I doubt that Taiwan would think it necessary to bulk up its military capabilities because Japan had nuclear weapons. China, yes; Japan, no.

Bilaterally, assuming that Japan made the decision without U.S. support, the move could indicate a lack of trust in the U.S. commitment to defend Japan.

The Japanese acquisition of nuclear weapons would almost certainly be due to a lack of trust in the U.S. committment to defend Japan.

An ascendant hawkish, conservative movement—some of whom openly advocate for Japan to develop an independent nuclear arsenal—has gained more traction in Japanese politics, moving from the margins to a more influential position.

Japan is as likely to start an aggressive war as shrimp are to learn how to whistle, regardless of the definition the authors choose for the word “conservative”. Therefore, the acquisition of the atomic bomb would be strictly as a deterrent, or in only the most dire threat to national security.

The description of this approach as “hawkish” in this context is curious.

…(F)ew dispute that Japan could make nuclear weapons if Tokyo were to invest the necessary financial and other resources.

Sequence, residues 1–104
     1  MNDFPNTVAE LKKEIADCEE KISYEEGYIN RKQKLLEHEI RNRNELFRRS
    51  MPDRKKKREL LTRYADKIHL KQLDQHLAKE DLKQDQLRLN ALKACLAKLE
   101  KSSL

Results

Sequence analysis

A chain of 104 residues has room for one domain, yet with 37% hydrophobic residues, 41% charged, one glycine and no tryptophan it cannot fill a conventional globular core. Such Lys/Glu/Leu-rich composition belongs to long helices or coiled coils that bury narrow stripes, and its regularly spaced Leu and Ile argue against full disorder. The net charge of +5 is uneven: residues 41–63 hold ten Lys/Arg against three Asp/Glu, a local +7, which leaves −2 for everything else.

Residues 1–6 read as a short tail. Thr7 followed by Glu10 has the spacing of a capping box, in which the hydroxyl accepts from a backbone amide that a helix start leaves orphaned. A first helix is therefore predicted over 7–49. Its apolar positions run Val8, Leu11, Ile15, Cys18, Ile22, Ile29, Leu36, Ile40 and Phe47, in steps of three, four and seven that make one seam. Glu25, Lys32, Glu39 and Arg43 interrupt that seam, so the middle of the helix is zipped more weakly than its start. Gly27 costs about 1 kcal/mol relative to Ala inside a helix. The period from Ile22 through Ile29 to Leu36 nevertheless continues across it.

“Few”? Does anyone dispute it at all?

…(I)f Japan manufactured nuclear warheads, then it would need to at the minimum perform one nuclear test—but where this could be carried out on the island nation is far from clear.

If there was a consensus on pursuing a nuclear program–a very big if–testing might–and that’s a very big might–be performed at an underground location at one of the remote islands to the south. Hatoma, for example, has a population of only 60 people that a determined government could relocate with the approval of an alarmed citizenry. There are other uninhabited islands scattered throughout the archipelago. This is very speculative, of course.

Japan’s nuclear materials and facilities are under IAEA safeguards, making a clandestine nuclear weapons program difficult to conceal.

If Japan felt threatened enough by North Korea or China to build a bomb, why would they want to conceal the program? And in the face of what such a threat would entail, why would they feel constrained by either the IAEA or the need for secrecy? I think the report would have been improved had the authors considered in greater depth the environment required to produce the events they suggest might occur.

Many observers have recognized a trend of growing nationalism in Japan, particularly among the younger generation. Some Japanese commentators have suggested that this increasing patriotism could jeopardize closer cooperation with the United States…